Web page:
Emotion wells up and tears fill my eyes. I’ve missed you so much.
“Mom!” I whisper.
You dissolve in my arms.
I roll over and look at the clock. 3:48.
I close my eyes, listening to the wind and my husband’s breathing.
I try to go back to sleep, willing myself to reenter the dream.
I have some very caring and kind reasons why Thanksgiving is my favorite holiday. You can read about them here. Now on to the reason we can all agree upon: A holiday that’s all about eating and not buying gifts? Yes, please!
I have memories of being awoken before dawn by the smell of onions being sautéed in butter coming from the kitchen. That meant that Mom was starting the stuffing that would fill the bird. Once the turkey was stuffed and in the oven, she’d go back to bed until breakfast time. The aromas would continue throughout the morning as she prepared the rest of the meal.
I never realized what a good cook my Mom was until I ate at other people’s houses. She was a master at roasting and our turkeys were always so juicy with the skin brown and crackly. She’d pull out her electric knife and carve it in the kitchen rather than at the dining room table. We couldn’t wait and would steal bits of meat while she threatened to amputate a finger or two.
It might just be me, but I swear that an electric knife’s motor actually has a faint, distinctive smell. Ok. I might be a weirdo – but that smell, coupled with the sound makes my mouth water. Kind of like the smell of our old plastic Christmas tree is more nostalgic for me than the smell of pine. Yes, I’m warped. It must be a result of being raised in the suburbs in the 1960s and 1970s.
Anyway, back to the food! The turkey was just the beginning. A few of Mom’s side dishes will be forever be my favorites. Her stuffing was very simple and she didn’t use a recipe: day-old bread, cubed and tossed with egg, poultry seasoning, salt and pepper and those sautéed onions and melted butter. No celery, no chestnuts, no oysters. She’d take her wedding ring off and place it by the sink and smoosh it all together with her hands. It was so basic, but so flavorful. It was so good that my sister and I would fight over it – especially the leftovers which we loved to eat cold. I’ve come close to recreating it a few times, but it’s never quite the same.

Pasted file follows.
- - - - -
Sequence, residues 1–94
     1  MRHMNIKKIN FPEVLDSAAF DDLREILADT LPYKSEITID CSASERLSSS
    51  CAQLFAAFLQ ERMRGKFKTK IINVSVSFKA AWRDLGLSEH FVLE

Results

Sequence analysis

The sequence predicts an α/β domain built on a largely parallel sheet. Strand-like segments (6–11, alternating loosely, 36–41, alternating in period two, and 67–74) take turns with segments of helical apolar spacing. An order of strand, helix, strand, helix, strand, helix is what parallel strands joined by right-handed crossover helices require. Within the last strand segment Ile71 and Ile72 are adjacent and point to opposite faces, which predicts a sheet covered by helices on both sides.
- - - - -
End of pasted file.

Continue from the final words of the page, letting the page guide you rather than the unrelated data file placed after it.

A am not a fan of sweet potatoes or yams, but I would eat the ones my mother made. I know most of America goes with marshmallows on top, but not us. Mom went with canned yams but then added pats of butter and huge scoops of brown sugar on top. They’d cook in the oven until the sugar and butter formed a gooey, caramelized mush that was absolutely divine. I’d mostly just put a spoonful of goo on my plate, but occasionally I’d end up eating part of an actual yam.
And last but not least, desert. I’ve never been much of a sweet eater, so the pecan or pumpkin pie didn’t interest me. No holiday meal would be complete at our house without Mom’s wine jello. The ingredients included these huge, juicy black cherries – canned, I think, and Mogen David wine. When she died last year, I took a box of her cookbooks and recipes. I need to find the recipe for this stuff.
Along with all of these goodies we’d have rolls, a relish tray of olives, pickles, and carrot sticks, cranberry sauce – both canned and “real,” and some vegetables. I actually remember the first time she tried out a new recipe for something called green bean casserole. It quickly became a fixture as it did in millions of other households, eventually referred to as simply “GBC” at our house.
My Mom was a great cook, but she liked to work alone. We were usually shooed out of the kitchen so we rarely saw the magic happen. We were only called upon when it was time to help plate things and put them on the table. And do the dishes of course.
Dinner would be at 1 or 2:00. We’d come out of our food comas at about 6 or 7:00 just long enough for cold turkey and Miracle Whip sandwiches on white bread for supper – with a lump of cold stuffing on the side. The best!
In the years before she died, my Mom developed dementia. Making some of those dishes was a muscle memory for her. We’d all pitch in to get them cooked and on the table. , it was still very much her meal.
Last year, less than a month before she died, my sister, brother, and I, along with our spouses, had dinner with my Mom and our Aunt Ruth at the assisted living center where they lived. This year, we’ll do the same thing again with our aunt. We’ll reminisce about our childhood holidays. There will even be a new traditions – Aunt Ruth will no doubt complain, as she and Mom did last year, that at least one dish isn’t cooked “right.”
It won’t be the same as the Thanksgivings of our childhoods, but we’ll be together. My sister and I will be sure to argue about leftover stuffing – and that’s something to be thankful for.